Five Star Movement

Ferdinando Giugliano

Berlusconi at a rally (Getty)

Will he or won’t he? Since a court in Milan on Monday sentenced Silvio Berlusconi to seven years in prison on charges of paying for sex with an underage prostitute and abuse of office, Rome-watchers have wondered whether this ruling will have consequences for the Italian government led by Enrico Letta. Mr Berlusconi’s People of Liberty is one of the three parties backing the cabinet, alongside the centre-left Democrats and the centrist formation, Civic Choice.

Mr Letta and Mr Berlusconi met on Tuesday to discuss the road ahead for the coalition. Top of the agenda was the government’s economic policy and, in particular, how to spare Italians of a rise in VAT, which is planned for July 1st but which Mr Berlusconi wanted to avoid at all cost. It is hard to imagine, however, that in their three-hour long meeting, Mr Letta and his predecessor did not discuss the consequences of the ruling in Milan.

 

Valentina Romei

Two interesting trends that have shown up in the data from Italy’s election today.

1) The preliminary election results among the nearly 3.5 million Italian voters living abroad show a very different picture from the results within Italy.

chart created by Valentina Romei

The austerity measures and market-friendly stance of the ex-Prime Minister Mario Monti managed to convinced over 27 per cent of the votes of Italians living in Europe and in North and Central America, where his movement came in second after Pier Luigi Bersani’s Democratic Party (PD). Within Italy, fewer than one in ten Italians voted for him.

Meanwhile, the comedian-turned-political leader Beppe Grillo successfully won over Italians in the plazas where he held numerous rallies, but it appears that his anti-establishment message was not heard so sympathetically by Italians around the world. 

Tom Burgis

Italians cast their ballots in a tight election, with Brussels, Berlin and the markets looking on. By Tom Burgis, Lina Saigol, Ben Fenton and Shannon Bond with contributions from FT correspondents across Italy and beyond. All times are GMT. 

Esther Bintliff

On this, the final day of polling in Italy’s 2013 election, we thought it would be worth highlighting five blog posts from the FT that will help provide the context you need to understand the results when they eventually emerge…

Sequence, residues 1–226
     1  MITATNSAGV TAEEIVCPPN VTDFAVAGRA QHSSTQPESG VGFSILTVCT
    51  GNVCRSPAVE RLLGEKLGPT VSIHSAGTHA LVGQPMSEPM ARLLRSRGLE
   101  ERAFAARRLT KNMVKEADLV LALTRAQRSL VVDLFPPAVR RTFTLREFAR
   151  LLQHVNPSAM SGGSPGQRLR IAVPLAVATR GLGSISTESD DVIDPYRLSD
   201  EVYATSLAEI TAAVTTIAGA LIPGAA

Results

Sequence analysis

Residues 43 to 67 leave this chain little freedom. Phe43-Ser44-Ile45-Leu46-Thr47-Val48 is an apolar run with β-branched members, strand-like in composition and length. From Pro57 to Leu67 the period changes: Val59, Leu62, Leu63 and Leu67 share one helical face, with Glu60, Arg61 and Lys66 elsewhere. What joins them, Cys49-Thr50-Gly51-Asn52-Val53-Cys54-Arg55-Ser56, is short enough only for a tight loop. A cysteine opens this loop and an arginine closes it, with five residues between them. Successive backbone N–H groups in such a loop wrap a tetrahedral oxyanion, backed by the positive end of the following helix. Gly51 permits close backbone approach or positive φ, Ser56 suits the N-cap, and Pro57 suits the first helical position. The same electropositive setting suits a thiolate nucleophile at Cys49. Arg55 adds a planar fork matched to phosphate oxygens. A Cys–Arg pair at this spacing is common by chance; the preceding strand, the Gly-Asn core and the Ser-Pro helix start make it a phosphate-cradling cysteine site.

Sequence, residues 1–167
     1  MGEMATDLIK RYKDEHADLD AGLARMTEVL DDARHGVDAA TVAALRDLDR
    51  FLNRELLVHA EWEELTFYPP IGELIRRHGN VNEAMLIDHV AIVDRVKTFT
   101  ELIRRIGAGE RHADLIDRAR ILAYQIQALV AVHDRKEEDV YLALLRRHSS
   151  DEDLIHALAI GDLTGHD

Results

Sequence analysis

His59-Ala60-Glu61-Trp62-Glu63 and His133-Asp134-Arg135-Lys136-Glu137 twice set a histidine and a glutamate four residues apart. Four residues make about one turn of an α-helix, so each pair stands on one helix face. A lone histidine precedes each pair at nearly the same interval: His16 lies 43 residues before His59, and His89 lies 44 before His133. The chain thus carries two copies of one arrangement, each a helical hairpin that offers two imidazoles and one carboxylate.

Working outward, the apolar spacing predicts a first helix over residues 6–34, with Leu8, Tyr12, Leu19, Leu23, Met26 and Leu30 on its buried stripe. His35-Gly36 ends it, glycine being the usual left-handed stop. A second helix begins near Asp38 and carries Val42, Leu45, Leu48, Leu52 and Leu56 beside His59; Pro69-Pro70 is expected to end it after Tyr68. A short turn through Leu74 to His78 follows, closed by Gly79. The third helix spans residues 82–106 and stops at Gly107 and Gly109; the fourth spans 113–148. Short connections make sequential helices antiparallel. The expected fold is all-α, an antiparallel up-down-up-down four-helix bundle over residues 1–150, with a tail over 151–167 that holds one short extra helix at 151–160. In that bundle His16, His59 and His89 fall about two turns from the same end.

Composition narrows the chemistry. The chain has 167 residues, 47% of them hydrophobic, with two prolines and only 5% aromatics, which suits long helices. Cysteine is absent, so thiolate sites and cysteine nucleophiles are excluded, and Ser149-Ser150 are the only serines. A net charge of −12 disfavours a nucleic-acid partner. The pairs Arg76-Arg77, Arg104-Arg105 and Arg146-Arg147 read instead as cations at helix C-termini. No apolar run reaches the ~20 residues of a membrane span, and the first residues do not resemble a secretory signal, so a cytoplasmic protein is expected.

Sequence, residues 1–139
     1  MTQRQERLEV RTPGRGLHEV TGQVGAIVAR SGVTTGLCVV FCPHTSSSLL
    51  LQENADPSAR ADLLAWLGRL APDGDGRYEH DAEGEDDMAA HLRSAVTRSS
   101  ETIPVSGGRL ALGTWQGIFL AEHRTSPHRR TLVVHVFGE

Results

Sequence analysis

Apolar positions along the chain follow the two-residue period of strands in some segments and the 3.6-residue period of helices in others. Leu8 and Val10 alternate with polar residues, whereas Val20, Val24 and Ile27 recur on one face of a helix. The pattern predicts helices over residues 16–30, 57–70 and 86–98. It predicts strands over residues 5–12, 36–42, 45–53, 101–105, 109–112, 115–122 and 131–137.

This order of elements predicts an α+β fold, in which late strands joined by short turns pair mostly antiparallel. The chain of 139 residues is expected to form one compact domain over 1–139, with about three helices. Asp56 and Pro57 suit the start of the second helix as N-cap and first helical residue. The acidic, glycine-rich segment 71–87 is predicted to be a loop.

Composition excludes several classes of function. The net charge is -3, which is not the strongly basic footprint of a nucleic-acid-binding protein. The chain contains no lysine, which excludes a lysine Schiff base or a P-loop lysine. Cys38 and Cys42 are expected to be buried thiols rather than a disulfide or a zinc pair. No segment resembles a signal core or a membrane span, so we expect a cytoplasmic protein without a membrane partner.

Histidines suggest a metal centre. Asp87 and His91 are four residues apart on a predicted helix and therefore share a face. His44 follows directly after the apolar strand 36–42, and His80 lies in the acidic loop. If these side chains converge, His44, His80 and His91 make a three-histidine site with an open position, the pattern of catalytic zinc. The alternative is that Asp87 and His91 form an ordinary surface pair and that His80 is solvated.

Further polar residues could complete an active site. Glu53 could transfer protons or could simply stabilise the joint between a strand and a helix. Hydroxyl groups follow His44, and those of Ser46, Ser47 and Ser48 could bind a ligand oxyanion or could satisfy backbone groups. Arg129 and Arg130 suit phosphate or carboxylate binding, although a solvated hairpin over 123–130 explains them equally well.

Esther Bintliff

Beppe Grillo at a rally in March 2008 (Marcello Paternostro/AFP/Getty)

He has been called many things: clown, showman, a “sans-culottes satirist”, Italy’s “funniest man”. And less complimentary things too: “populist, extremist and very dangerous”. But Beppe Grillo, the comedian-turned-political campaigner, can give as good as he gets. His nickname for Silvio Berlusconi is “the psycho-dwarf”, while he refers to the technocrat Mario Monti as “rigor Montis”. Grillo’s way with words is just one talent he has used to shake up the political landscape in Italy in recent years; his digital savvy – he runs Italy’s most popular blog – has helped him harness growing public anger at corruption and turn it into a grassroots political movement.

Final opinion polls published ahead of the February 24-25 election showed his Five Star Movement in third position with 13-16% of the vote – ahead of Monti’s Civic Choice and only a few points behind Berlusconi’s People of Liberty. So how did he get there? And what does he really believe in?

In the FT

  • Grillo’s Movimento 5 Stelle (M5S) presents itself as an antidote to a corrupt political elite, focused on five key areas: public water, transportation, development, internet availability, and the environment. In October, the group scored well in a regional election in Sicily, despite a web-driven campaign spending of just €25,000 – far less than the major parties. The head of one of Italy’s biggest companies lamented: “I can’t stand Grillo. He is against everything. He is aiming to destroy not change”.

 

Ferdinando Giugliano

Mario Monti (L) with Silvio Berlusconi in November 2011 (ALBERTO PIZZOLI/AFP/Getty Images)

Mario Monti (L) with Silvio Berlusconi in November 2011 (ALBERTO PIZZOLI/AFP/Getty Images)

This week’s alliance between Silvio Berlusconi’s People of Freedom Party and the right-wing Northern League was the last piece of the jigsaw ahead of Italy’s general elections, scheduled for 24-25 February.

With six and a half weeks to go, the situation is still too fluid to make a call on who will win. But, for those not versed in the art of Italian politics, we thought it would be helpful to explain the main players involved, and outline the chances of the two very different men who have held the most influence over Italy in the past few years – Mario Monti and Silvio Berlusconi.

The parties

  • A centre-left coalition dominated by the Democratic Party, in alliance with the more left-wing Left, Ecology, Freedom party
  • Berlusconi’s right-wing alliance between his People of Freedom and the Northern League
  • A centrist coalition led by Italy’s technocratic prime minister, now turned politician, Mario Monti. This includes the PM’s own list, Civic choice for Monti, the Christian Democrats and a smaller centre-right party, Future and Freedom for Italy
  • The Five Star Movement, brainchild of the comedian-cum-blogger, Beppe Grillo
  • A left-wing group, Civil Revolution, set up by the former anti-mafia judge Antonio Ingroia

The Houses

Italy’s cumbersome electoral law, which is different for the Chamber of Deputies and the Senate, makes the lives of the phsephologists even harder. Here’s what we know about the situation in each house.